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Virginia House Races May Tell National Story

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Gov. Bob McDonnell and First Lady Maureen McDonnell voted in the 2010 midterm election this morning at Rivers Edge Elementary School in Glen Allen.
Michaele White, governor's photographer
Gov. Bob McDonnell and First Lady Maureen McDonnell voted in the 2010 midterm election this morning at Rivers Edge Elementary School in Glen Allen.

Campaign analysts are closely watching four House seats in Virginia that polling indicates could flip from blue to red today.

Just two years ago, Democrats took three Virginia House seats from the GOP. Republicans think they can take those back today, and possibly scoop up another seat or two. Republican Gov. Bob McDonnell says he's optimistic the state will help the GOP gain control of the House.

"Virginia is going to definitely do our part," McDonnell told reporters at a campaign rally in Fairfax County. "We think we can win anywhere from two and five races, depending on that turnout. And given the fact that President Obama won here two years ago by seven, I think it would say that Virginia is certainly a right of center state."

David Wasserman of the Cook Political Report says Virginia is a key early state to watch as the returns start coming in.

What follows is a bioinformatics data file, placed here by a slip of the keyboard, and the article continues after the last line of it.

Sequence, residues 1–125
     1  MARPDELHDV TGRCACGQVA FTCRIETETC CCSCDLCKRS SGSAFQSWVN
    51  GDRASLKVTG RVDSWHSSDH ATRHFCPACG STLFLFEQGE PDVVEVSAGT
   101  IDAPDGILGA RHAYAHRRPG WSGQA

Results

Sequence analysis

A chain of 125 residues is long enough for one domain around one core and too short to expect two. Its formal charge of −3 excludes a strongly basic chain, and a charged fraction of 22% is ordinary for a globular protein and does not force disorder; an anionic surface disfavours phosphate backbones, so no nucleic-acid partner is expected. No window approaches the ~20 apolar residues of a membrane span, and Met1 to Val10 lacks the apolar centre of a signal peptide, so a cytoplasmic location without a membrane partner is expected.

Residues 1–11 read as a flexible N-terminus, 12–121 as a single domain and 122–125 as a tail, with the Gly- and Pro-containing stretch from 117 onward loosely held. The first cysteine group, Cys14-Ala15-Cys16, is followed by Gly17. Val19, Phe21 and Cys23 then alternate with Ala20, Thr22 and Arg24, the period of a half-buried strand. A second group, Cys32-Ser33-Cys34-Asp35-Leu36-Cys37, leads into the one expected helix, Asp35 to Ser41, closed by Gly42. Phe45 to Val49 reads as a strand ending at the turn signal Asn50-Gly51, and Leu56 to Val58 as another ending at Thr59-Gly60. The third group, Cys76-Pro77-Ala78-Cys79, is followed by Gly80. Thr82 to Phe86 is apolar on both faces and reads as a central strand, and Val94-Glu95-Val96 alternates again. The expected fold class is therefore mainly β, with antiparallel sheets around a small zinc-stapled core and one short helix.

"This will give us some indication of the way election night is going. If Republicans are having a really big night, they could pick up three of these seats. If it's going just about as expected, they could pick up two of these seats," Wassernan says.

Polls show one of the closest races is in Northern Virginia's 11th district where first-term Democrat Gerry Connolly is trying to stave off a challenge from Republican Keith Fimian. The other two most hotly contested races are in Southeastern Virginia where incumbent Democrats Tom Perriello and Glenn Nye are facing Republican challengers Robert Hurt and Scott Rigell.

Northern Virginia Democrats claim an early lead in absentee ballots, but Republicans say the momentum is on their side. Now analysts say it all comes down to voter turnout.

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